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Arguing with success [Herzliyah Conference]

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  • MEW
    Jan. 1, 2004 Arguing with success By DANIEL DORON http://www.jpost.com/servlet/Satellite?pagename=JPost/JPArticle/ShowFull&cid=1072844157993 You can try and
    Message 1 of 1 , Jan 1, 2004
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      Jan. 1, 2004
      Arguing with success

      You can try and argue with success, but chances are you will not be too successful. Yet arguing with
      success is vital. All formulas, however successful, merit periodic reconsideration and revision,
      given the dynamics of events.

      So the examination of the longer-term viability of success is essential, not only for nations and
      corporations, but also for such commendable efforts as the recent fourth Herzliya Conference, where
      top players in the Israeli establishment gathered to examine questions relating to "The Balance of
      Israel's National Security."

      As a member of the steering committee of the first three Herzliya conferences, this writer witnessed
      the skill and dedication with which Dr. Uzi Arad, the indefatigable founder and moving spirit of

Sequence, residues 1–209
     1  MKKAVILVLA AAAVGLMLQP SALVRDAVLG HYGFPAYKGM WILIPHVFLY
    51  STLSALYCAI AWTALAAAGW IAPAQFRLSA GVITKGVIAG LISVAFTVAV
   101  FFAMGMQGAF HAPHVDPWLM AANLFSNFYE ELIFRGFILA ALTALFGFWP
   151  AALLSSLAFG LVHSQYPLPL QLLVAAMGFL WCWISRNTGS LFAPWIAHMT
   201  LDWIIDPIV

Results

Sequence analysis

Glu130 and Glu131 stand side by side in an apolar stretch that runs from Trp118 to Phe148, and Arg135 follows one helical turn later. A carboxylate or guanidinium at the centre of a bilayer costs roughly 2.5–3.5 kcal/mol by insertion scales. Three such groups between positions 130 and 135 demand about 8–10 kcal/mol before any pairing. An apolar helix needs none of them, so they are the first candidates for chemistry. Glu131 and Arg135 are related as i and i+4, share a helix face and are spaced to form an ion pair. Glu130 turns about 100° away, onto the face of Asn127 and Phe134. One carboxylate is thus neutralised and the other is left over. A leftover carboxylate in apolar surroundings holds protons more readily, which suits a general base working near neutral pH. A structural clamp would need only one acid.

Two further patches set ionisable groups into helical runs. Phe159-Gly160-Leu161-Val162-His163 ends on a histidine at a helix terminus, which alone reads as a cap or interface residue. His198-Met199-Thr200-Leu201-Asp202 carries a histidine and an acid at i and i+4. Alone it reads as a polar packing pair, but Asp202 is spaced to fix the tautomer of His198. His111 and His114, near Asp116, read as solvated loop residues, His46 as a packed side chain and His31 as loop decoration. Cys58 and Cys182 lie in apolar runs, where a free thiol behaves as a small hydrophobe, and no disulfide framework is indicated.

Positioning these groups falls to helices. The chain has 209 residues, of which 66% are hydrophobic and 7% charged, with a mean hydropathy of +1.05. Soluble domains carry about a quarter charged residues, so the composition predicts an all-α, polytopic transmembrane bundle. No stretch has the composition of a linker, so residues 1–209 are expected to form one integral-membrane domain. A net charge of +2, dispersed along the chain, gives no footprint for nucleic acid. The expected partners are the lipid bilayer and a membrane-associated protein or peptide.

this enterprise, catapulted it to such heights of public recognition. Arad, who was chief of
      research for the Mossad and policy adviser to prime minister Binyamin Netanyahu, identified the need
      to take annual stock of Israel's security position. He was also wise enough to define it broadly,
      not only in its narrow military sense but also as it relates to social and economic factors that
      affect the cohesion and strength of a society and its ability to support its military forces.

      To give such a conference proper exposure, so that it may influence the thinking of decision makers,
      Arad relied on his excellent contacts in the security establishment. Starting with the first
      conference he succeeded in having top policy makers, from the prime minister and chief of General
      Staff on down, participate and draw the conferences into the limelight.

      The decisions to both broaden the concept of national security and to establish the conference as a
      focus of attention were essentially correct. But they have created a dynamic that threatens to get
      out of control.

      The conference must have faced immense pressures from publicity-hungry pols, and to represent their
      particular concerns. Other high office holders, for their part, usually have to be very guarded
      about what they can say, and what little they can say is heard very often, so that their speeches